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24 June, 2024
 
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Italy weighs in as Cypriot fund goes after Lukoil plant

Crucial week for Cyprus as Israelis talk up energy cooperation with Italy, island still in the game

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An Israeli-backed Cypriot fund’s deal to buy a Lukoil-owned refinery in Italy is hanging in the balance ahead of a Cabinet meeting in Rome possibly this week, when veto powers would be weighed against energy hub aspirations that could replace Russian gas and put the final nail in the coffin of a proposed EastMed pipeline.

(Click here for an update to the story)

According to Reuters, Italy's cabinet is expected to decide this week, possibly on Thursday, whether to use "golden power" laws to halt the sale of a Lukoil-owned refinery to Cypriot private equity firm G.O.I. Energy, an Israeli-interest subsidiary of Cypriot-based Argus fund.

The report, that cited sources who asked not to be named due to the matter's sensitivity, comes as both Italy and Israel have been discussing potential energy solutions following Russia’s invasion in Ukraine one year ago.

Netanyahu alluded to Cyprus as a 'possibility' for an additional LNG terminal to 'increase the capacity for gas exportation from Israel to Italy, and from Italy across the rest of Europe'

Last week Italian Prime Minister Giorgia Meloni hosted her Israeli counterpart Benjamin Netanyahu in Rome, where he spent three days also meeting political and business leaders.

Netanyahu has been waging the battle for Israel since his re-election, saying his country wants to export gas to Europe via Italy. After his meeting with Meloni, the Israeli premier spoke with reporters about Rome’s energy aspirations in light of Europe seeking fast solutions to replace Russian gas.

"Italy has said it wants to be a hub for the supply of energy for Europe. We think exactly that and we have gas reserves that we are now exporting and we would like to expedite more gas exports to Europe through Italy," Netanyahu said.

Back in January, Russian oil company Lukoil made a deal to sell its Isab di Priolo refinery to GOI Energy, which would be backed by global supply commodity trader Trafigura based out of Singapore.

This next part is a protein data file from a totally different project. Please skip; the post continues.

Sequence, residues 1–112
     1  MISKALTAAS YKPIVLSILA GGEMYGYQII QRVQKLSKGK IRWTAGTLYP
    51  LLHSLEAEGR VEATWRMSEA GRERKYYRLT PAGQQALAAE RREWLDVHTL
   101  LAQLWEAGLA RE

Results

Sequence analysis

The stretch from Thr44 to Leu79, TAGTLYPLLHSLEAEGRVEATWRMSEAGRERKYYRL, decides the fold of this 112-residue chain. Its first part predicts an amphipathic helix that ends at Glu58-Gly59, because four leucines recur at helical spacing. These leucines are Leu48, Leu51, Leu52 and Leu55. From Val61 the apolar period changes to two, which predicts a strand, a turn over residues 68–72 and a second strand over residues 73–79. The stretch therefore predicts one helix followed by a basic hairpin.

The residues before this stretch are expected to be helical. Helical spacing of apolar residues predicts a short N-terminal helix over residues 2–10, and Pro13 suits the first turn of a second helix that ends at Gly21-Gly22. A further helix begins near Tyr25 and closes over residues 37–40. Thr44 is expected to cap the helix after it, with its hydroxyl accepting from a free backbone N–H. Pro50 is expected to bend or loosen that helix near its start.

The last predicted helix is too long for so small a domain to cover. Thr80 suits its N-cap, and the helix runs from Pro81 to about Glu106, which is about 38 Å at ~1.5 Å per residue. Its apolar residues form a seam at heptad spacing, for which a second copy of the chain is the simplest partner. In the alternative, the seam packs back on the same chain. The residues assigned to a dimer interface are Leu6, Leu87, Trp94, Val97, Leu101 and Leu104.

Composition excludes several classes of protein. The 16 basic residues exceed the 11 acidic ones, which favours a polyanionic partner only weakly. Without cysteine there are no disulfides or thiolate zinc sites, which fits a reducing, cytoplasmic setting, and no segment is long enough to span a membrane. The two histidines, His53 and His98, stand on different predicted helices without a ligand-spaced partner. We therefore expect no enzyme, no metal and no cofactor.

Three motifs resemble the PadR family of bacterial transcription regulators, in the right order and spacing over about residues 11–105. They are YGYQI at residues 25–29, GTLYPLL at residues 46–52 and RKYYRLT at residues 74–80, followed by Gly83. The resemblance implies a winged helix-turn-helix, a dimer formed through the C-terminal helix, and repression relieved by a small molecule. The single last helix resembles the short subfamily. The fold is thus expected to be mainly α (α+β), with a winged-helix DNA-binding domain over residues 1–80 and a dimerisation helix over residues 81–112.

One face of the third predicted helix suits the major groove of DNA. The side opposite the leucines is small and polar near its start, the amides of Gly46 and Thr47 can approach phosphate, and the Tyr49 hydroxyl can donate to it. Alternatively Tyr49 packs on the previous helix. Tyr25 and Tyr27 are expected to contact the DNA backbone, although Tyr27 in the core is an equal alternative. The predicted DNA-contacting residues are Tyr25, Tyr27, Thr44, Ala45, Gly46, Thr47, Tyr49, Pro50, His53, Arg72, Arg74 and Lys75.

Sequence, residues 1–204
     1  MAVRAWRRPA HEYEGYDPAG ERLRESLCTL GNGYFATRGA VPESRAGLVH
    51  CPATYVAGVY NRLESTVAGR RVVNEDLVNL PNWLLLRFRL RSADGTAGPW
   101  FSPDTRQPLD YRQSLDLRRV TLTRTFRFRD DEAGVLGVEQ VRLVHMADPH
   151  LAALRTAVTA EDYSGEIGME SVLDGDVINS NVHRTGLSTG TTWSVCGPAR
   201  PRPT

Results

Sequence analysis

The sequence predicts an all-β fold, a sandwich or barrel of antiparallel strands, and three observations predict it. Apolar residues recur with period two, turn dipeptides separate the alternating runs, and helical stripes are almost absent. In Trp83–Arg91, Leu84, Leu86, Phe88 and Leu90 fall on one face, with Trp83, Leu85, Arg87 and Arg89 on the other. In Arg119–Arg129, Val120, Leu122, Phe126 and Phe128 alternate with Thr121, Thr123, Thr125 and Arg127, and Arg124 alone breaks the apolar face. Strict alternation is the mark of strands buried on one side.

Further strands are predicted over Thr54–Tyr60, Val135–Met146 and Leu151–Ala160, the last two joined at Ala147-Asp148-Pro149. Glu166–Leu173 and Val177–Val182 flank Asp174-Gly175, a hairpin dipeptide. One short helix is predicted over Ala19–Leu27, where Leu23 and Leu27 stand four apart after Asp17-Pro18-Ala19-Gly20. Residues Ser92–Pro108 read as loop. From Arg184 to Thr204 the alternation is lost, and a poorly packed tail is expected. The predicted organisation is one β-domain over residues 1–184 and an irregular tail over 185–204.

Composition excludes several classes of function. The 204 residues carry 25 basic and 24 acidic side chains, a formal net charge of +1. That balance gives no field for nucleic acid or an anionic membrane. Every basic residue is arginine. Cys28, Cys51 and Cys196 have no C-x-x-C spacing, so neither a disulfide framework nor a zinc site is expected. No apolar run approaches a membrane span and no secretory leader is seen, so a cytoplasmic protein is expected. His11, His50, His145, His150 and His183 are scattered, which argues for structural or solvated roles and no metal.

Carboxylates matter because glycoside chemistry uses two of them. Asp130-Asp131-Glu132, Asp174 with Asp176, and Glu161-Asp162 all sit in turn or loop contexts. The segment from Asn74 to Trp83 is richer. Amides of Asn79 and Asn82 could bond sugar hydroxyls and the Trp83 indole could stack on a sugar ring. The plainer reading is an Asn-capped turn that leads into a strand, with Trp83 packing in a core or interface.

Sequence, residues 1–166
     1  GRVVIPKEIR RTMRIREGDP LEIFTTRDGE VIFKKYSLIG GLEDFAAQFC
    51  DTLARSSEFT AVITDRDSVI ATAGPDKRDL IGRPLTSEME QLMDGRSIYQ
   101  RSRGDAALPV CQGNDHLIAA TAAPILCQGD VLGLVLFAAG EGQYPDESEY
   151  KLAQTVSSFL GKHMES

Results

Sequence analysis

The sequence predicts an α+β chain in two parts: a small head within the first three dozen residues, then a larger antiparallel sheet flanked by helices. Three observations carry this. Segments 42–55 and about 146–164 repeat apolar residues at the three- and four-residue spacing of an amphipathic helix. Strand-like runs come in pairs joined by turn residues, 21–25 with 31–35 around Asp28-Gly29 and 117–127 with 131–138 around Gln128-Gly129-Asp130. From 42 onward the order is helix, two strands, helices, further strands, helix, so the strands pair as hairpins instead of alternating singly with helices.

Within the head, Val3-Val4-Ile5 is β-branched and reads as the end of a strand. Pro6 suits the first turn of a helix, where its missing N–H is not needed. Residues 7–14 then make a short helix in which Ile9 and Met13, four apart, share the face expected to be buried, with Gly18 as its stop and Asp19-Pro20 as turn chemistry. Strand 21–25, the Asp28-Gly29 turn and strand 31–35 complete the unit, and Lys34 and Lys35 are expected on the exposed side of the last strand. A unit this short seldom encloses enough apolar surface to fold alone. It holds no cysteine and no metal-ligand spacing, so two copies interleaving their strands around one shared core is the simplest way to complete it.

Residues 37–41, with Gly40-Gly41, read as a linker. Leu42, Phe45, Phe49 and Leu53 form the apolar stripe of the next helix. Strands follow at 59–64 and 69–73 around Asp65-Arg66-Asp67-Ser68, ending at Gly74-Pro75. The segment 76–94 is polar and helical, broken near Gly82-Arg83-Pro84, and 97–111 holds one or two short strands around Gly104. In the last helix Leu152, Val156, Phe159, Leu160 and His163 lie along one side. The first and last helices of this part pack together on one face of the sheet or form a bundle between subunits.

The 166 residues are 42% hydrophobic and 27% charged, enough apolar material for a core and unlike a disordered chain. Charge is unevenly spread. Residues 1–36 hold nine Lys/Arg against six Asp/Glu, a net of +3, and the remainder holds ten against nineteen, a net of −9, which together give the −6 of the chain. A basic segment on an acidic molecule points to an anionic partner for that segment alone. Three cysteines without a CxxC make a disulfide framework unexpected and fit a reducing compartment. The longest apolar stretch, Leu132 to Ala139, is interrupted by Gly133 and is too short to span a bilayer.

The agreement, which calls for a deal to be closed no later than late March, is slated to be one of Europe’s most important energy transactions.

Italian concerns about labor and climate

But the deal has raised eyebrows both inside and outside Italy, touching on issues ranging from labor and environment to redrawing gas routes in the region.

Italian Industry Minister Adolfo Urso has warned that Rome would need to ensure jobs would be protected, while also calling for environmental standards to be maintained in the sale of the plant in Syracuse.

GOI Energy CEO Michael Bobrov had said in a statement after the announcement that it would act in close coordination with the Italian government for the next steps, with Knews understanding specific terms were being hashed out on labor and climate standards as per the initial deal.

“We have a deep understanding of the significance that ISAB has for the Italian economy, Sicily, and the local community. We firmly believe that ISAB has growth potential, and we have a solid business plan to enhance it,” the CEO said.

Media speculation over Russian connections

But there could be additional concerns for NATO’s ally in southern Europe following speculation in the media that the deal could still be prone to Russian influence.

Reuters has made references to that speculation from some networks that took note of Priolo refinery’s physical proximity to a NATO base in Sigonella.

G.O.I Energy issued a statement last month saying neither the company nor Bobrov, who is also CEO of Green Oil Energy - a big energy player in Israel, had connections to Russia.

EastMed gets buried but Cyprus still in the mix

The Lukoil deal, whether it goes through or not this month, has also amplified doubts about EastMed, a proposed subsea pipeline designed to supply gas to Europe from the east Mediterranean via Israel, Greece and Cyprus, excluding Turkey, to Italy.

EastMed has been losing steam due to geopolitical and financial questions, protests by activists, but also because European countries, including Italy, seek fast-track solutions to replace Russian gas.

But Nicosia has recently adapted to the new developments after European and US officials called for immediate or interim solutions, such as using LNG facilities in Egypt and taking advantage of existing infrastructure through short interconnectors.

In January 2022 the EastMed project lost momentum after Washington withdrew its support in a non-paper leaked to the press, along with further arguments in favor of alternative fast energy solutions and regional cooperation.

The Republic of Cyprus did not completely rule out the project but conceded there could be other ways to include Cypriot gas in the regional pool for exports to Europe.

Netanyahu raises possibility for LNG terminal in Cyprus

But both Israel and Egypt have been facing questions as to whether they could boost natural gas exports while also meeting domestic demand as economies rebound in the region.

According to Euronews, during his trip to Italy Netanyahu alluded to Cyprus as another “possibility” where Israel would create an additional liquefied natural gas terminal to “increase the capacity for gas exportation from Israel to Italy, and from Italy across the rest of Europe.”

TAGS
Cyprus  |  Italy  |  Israel  |  Russia  |  Lukoil  |  energy  |  EastMed  |  LNG  |  Egypt  |  Europe  |  Ukraine  |  terminal

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